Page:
Microsoft has arrived at the Connected Home and Connected Devices party

Microsoft held its own Build Conference in San Francisco yesterday, unveiling a lot more about the much anticipated HoloLens and introducing a pioneering concept based on synchronization between Windows hones and tablets- the Continuum.

Continuum will let the new Windows 10 OS to mould itself in various forms, be it tablets, PCs or laptops if the Windows phone is connected to any of these devices.

As demonstrated by Joe Belfore, VP of Microsoft's Operating Systems Group in the Build conference, once the Windows phone was connected with a tablet, the PowerPoint app showed up in the tablet's screen and covered the entire area of the device without stretching any pixels. What's more, the tablet even displayed menus and every possible setting that featured in the mobile app, transforming it into a complete tablet app.

This is the first time any tech firm has ventured this far. Earlier, Motorola attempted a similar experience with laptops, but given Android was in its infancy and Motorola was yet to develop a complete smartphone ecosystem, the entire concept fizzed out sooner than it appeared. Continuum will, however, work effectively in dedicated Windows 10 phones only as Microsoft is in the process of developing a new processor technology with Qualcomm to make Continuum possible.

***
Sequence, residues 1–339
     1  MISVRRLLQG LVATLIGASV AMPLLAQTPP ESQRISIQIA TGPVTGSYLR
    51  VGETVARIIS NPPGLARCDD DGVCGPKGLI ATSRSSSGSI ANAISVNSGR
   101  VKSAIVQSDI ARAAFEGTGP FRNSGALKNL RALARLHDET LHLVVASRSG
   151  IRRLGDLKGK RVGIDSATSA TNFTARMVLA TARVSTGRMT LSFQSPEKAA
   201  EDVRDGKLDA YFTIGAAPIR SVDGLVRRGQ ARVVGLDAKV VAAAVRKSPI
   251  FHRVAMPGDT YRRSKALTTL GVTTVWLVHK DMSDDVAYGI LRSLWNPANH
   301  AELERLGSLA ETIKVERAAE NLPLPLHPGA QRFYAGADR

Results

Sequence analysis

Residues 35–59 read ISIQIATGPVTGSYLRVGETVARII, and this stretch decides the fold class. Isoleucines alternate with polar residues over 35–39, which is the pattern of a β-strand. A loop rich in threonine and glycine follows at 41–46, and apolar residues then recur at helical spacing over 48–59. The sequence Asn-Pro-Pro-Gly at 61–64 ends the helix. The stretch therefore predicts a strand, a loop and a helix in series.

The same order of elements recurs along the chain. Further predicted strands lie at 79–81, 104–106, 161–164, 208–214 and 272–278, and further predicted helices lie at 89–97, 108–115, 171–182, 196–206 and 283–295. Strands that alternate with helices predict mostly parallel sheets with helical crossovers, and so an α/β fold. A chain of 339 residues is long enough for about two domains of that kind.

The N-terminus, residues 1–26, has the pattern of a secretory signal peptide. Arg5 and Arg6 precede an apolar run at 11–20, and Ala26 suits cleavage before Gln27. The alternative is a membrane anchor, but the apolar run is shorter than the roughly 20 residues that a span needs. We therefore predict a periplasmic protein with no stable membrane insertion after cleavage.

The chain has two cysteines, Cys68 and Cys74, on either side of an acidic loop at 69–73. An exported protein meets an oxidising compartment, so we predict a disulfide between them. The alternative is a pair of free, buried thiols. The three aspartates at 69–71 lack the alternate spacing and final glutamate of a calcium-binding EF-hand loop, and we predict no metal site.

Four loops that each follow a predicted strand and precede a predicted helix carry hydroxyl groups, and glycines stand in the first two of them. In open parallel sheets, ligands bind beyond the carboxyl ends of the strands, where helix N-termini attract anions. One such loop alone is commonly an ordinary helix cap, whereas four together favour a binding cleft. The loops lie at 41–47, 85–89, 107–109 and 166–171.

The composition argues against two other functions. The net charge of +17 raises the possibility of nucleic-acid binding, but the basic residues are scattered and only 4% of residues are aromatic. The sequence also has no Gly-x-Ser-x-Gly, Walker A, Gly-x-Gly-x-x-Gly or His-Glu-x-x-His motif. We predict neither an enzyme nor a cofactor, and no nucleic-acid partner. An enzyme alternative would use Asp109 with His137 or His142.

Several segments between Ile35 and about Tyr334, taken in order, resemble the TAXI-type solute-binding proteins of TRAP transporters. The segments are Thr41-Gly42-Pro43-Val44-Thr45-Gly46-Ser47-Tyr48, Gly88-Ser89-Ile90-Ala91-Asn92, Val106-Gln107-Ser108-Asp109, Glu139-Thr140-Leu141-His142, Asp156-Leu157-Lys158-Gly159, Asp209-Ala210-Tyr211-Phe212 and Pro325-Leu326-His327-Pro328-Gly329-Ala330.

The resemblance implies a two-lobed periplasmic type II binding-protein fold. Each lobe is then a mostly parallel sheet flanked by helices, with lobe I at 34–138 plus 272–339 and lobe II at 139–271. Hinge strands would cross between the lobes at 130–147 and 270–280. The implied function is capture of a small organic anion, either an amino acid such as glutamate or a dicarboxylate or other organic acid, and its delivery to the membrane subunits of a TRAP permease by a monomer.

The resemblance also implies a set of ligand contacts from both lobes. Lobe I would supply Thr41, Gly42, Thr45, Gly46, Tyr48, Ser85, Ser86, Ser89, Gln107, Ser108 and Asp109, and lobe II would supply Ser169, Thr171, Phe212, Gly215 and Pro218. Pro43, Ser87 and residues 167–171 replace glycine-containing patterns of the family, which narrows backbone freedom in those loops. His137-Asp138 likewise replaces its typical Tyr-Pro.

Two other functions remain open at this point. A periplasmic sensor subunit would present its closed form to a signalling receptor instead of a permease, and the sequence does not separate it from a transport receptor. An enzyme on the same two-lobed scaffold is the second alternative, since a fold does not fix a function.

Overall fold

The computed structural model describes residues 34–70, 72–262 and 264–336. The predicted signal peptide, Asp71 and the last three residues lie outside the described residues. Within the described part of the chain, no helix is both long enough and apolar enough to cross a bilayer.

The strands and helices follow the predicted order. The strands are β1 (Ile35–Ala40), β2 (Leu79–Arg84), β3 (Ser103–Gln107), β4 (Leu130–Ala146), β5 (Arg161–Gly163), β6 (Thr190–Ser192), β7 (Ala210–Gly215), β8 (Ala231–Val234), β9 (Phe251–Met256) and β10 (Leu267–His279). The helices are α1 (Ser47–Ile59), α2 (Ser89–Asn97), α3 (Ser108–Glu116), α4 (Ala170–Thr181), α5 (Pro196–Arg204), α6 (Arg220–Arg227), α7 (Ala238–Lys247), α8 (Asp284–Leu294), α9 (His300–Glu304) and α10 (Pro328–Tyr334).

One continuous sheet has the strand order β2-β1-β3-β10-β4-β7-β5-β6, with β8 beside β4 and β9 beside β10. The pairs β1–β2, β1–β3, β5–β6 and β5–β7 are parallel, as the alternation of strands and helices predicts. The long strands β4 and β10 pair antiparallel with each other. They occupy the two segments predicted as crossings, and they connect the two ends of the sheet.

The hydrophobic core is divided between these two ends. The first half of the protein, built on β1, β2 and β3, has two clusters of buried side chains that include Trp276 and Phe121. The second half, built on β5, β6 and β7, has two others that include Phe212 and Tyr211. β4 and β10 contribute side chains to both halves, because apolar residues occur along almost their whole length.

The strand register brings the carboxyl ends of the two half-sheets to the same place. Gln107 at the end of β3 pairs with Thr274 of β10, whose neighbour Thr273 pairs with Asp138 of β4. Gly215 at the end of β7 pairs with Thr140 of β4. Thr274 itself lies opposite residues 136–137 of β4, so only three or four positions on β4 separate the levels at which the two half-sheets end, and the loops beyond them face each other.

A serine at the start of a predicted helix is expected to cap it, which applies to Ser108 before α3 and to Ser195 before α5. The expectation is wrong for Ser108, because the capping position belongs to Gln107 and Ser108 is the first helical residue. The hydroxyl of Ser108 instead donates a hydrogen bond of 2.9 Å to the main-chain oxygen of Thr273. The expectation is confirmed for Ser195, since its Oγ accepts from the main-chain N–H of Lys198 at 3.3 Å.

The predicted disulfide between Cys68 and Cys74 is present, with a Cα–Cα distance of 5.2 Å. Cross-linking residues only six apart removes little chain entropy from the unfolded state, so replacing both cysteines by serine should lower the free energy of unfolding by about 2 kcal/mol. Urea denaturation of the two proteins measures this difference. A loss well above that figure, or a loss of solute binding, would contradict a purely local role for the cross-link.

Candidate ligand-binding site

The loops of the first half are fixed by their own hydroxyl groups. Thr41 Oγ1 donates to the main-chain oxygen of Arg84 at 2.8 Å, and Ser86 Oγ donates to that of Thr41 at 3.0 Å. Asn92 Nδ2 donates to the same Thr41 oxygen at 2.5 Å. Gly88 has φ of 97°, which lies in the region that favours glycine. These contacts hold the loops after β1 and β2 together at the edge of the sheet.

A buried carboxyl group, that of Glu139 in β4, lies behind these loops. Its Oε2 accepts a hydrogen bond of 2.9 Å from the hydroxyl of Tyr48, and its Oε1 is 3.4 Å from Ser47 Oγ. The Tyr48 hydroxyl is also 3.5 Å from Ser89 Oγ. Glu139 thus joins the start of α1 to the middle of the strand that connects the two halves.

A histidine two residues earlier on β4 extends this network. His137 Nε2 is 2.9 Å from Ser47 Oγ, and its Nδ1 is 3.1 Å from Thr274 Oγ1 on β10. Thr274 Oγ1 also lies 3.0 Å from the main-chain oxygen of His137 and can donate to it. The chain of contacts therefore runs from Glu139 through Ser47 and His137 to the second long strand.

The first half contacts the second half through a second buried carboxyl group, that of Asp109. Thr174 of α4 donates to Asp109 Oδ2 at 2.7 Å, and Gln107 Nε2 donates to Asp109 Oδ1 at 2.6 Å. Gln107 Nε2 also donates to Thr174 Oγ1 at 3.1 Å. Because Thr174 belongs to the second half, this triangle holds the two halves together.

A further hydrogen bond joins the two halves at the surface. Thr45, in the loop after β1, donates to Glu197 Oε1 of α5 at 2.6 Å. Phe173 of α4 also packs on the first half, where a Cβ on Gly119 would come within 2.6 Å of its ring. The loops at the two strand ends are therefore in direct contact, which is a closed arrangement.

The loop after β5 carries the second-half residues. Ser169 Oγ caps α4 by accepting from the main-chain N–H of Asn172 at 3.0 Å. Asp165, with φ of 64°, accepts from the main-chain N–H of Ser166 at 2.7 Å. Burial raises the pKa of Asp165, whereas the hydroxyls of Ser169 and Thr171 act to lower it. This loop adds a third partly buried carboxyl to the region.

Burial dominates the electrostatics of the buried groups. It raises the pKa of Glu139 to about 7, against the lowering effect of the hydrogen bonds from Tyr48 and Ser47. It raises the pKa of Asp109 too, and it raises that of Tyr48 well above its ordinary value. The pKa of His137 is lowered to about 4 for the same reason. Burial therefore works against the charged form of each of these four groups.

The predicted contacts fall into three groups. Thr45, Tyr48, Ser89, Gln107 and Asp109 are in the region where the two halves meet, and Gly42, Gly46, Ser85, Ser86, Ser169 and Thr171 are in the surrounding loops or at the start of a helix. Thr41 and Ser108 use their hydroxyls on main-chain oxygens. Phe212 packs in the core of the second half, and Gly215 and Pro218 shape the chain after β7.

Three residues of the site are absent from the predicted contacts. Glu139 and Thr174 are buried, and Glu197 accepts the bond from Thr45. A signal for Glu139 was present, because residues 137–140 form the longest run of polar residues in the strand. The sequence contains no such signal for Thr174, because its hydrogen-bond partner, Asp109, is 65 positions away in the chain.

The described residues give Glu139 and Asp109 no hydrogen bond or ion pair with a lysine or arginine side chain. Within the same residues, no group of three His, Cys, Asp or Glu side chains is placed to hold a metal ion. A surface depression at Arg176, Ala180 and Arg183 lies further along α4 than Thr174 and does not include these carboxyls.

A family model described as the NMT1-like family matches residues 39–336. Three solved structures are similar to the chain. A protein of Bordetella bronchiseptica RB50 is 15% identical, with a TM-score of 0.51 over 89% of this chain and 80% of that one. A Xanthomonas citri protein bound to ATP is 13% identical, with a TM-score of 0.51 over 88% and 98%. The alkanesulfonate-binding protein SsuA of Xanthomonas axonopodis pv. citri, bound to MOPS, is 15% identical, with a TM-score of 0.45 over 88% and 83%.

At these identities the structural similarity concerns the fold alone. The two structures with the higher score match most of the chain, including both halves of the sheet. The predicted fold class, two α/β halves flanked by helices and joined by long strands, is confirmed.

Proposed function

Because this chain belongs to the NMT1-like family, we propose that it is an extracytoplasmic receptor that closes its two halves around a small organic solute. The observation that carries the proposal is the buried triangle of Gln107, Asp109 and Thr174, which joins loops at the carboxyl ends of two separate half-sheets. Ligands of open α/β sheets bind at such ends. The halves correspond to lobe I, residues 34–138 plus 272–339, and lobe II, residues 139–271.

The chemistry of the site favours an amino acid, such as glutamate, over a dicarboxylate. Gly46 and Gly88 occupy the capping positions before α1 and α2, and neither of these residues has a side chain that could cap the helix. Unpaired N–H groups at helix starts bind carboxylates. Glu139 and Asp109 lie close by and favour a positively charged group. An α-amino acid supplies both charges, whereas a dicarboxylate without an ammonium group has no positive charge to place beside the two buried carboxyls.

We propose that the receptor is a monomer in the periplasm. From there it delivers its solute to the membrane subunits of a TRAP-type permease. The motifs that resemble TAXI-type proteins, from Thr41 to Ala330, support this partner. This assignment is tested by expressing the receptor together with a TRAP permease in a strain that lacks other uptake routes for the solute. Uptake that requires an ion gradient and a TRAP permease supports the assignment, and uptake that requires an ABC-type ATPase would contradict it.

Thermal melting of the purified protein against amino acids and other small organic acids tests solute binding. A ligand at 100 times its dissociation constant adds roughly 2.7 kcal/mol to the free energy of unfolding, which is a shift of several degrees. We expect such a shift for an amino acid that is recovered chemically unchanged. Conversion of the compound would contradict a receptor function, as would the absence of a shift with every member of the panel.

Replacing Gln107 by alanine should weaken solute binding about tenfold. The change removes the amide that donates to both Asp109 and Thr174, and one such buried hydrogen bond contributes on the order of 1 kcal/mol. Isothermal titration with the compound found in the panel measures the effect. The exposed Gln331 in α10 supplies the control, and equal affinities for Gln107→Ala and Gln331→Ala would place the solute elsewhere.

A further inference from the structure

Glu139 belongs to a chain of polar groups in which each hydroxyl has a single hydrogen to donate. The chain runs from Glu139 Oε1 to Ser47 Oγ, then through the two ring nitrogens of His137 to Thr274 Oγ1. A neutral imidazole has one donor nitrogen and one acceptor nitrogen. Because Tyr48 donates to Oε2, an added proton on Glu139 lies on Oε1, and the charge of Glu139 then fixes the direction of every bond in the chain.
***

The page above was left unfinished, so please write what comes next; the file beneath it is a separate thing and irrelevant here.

Current Windows phones which are upgradable to Windows 10 will also not be able to run Continuum in the near future. Developers will need to build new apps for Windows 10 that can mould themselves across form factors so that users can use them on platforms like PCs and tablets.

Hence, the success of the Continuum depends on how excited developers really are to commit their efforts on the Windows ecosystem at a time when iOS and Android platforms are increasingly dominating the smartphone space.

We should expect upcoming Lumia devices to sport the new feature later this year, hopefully with a lot of optimized apps that we use in our daily lives.

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